It Starts With a Drag: The Friendship of Frances A. Lebowitz and Frank Rich '71
You could call it a match made in heaven, if either of them believed in such a place. At her editor’s wedding reception, self-described “Olympian smoker” Frances A. Lebowitz saw a man from across the room.
“He doesn’t remember this,” Lebowitz says. “I looked, and I see this man smoking a pipe and I said, ‘Who’s this man smoking a pipe?’ And it was Frank. It was you.”
Frank Rich ’71, a former Crimson editorial board chair, describes his pipe smoking as a “pretentious habit” he picked up as a Harvard undergraduate. At the time, Rich was a New York Times theater critic who struck fear in hearts throughout midtown Manhattan as the “Butcher of Broadway.”
Frequenting Studio 54 and punching the card at Andy Warhol’s The Factory, Lebowitz was the toast of New York following the 1978 publication of her sardonic essay collection “Metropolitan Life.” The two rising stars clicked immediately over politics and culture, and a friendship was born.
“We have a lot of friends in common and a lot of enemies in common,” Rich said.
Thirty years later, they find themselves back at Rich’s alma mater, preparing to begin their two-week swing across the country presenting their diagnosis of modern America. Right now, they are sitting in a room at The Charles Hotel. After our interview, they’ll go to Sanders Theater to exchange insight and punchlines before hundreds of energized liberals.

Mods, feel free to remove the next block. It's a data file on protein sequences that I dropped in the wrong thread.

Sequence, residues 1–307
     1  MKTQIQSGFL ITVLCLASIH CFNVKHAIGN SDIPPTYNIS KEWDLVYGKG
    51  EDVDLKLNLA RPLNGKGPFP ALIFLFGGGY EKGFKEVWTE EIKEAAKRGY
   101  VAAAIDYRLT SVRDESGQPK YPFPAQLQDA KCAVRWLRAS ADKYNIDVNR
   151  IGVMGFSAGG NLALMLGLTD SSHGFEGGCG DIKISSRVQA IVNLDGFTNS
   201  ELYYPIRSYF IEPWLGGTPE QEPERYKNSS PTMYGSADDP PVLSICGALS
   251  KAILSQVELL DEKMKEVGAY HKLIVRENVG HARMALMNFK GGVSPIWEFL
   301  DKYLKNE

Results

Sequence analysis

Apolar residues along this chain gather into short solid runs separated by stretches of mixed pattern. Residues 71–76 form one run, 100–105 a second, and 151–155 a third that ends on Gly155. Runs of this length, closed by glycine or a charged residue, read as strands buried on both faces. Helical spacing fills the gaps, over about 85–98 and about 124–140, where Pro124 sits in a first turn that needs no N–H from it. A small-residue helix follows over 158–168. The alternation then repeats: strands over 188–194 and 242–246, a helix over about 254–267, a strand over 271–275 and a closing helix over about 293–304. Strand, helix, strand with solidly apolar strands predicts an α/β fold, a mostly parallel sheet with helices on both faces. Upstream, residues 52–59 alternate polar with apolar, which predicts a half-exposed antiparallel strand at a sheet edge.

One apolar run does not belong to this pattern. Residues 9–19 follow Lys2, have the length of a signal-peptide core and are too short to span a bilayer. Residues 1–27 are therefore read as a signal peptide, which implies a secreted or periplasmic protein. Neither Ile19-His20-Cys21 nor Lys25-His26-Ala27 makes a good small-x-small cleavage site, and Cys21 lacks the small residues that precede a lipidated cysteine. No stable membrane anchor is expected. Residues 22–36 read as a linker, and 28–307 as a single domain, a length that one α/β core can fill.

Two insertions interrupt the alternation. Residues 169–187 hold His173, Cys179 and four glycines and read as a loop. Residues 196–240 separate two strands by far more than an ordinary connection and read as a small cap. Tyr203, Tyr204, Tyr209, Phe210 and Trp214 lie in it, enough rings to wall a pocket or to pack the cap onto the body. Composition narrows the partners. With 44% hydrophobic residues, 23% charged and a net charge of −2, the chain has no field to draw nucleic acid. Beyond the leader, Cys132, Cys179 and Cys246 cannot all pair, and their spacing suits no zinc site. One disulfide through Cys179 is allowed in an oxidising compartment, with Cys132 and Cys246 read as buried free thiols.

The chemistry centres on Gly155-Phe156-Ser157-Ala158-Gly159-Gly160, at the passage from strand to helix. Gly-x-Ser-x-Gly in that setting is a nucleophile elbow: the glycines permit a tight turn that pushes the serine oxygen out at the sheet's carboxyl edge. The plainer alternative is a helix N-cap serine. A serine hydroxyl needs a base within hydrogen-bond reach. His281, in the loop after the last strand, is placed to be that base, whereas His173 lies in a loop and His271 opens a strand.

In their conversations, Rich serves as the sympathetic straight man to Lebowitz, who is a semi-automatic rifle of scathing quips. A chain-smoking lesbian who possesses neither computer nor cell phone nor college degree, Lebowitz’s discourses are so spellbinding that Martin Scorsese recently directed a full-length HBO documentary of her rants.
“Smoking has changed places with homosexuality,” Lebowitz opines. “When I was young, if you had told me the behavior in which I engaged that would be prohibited would be cigarette smoking, I would have had a completely different adolescence. And all the things they say about cigarettes now, they used to say about homosexuality. You shouldn’t do it around children—” Rich jumps in: “You shouldn’t do it on the street—” Lebowitz: “It was the second-hand nature of homosexuality that concerned people.” Rich nods in agreement: “That it would spread.”
Such is the two’s chemistry that they build on each other’s sentences in a high-octane tête-à-tête.
“When people say they hate the elite, I wish they meant rich people,” Lebowitz told us. “But they don’t. They hate smart people. The country adores rich people. I would like to see class warfare, the only kind of warfare the Republicans hate.”
Of the two, the more mainstream Rich describes himself as “slightly more idealistic.” Lebowitz scoffs with some mixture of passion and sarcasm: “I think of myself as burning for idealism and fervor.” She imagines, for example, a country in which no money could be spent on politics until six weeks before the election.“
I would like to be the president, as you may have noticed,” Lebowitz said. “Or the mayor.
”Exactly where her politics lie, though, is harder to pin down.
She’s a libertarian who doesn’t believe in seatbelt or motorcycle helmet laws. “If I want to hurtle through a windshield I’ll hurtle through a windshield,” Lebowitz said.
She’s a leftist who believes that “all the Left has done, in the past 25 years, has made it impossible to smoke a cigarette.”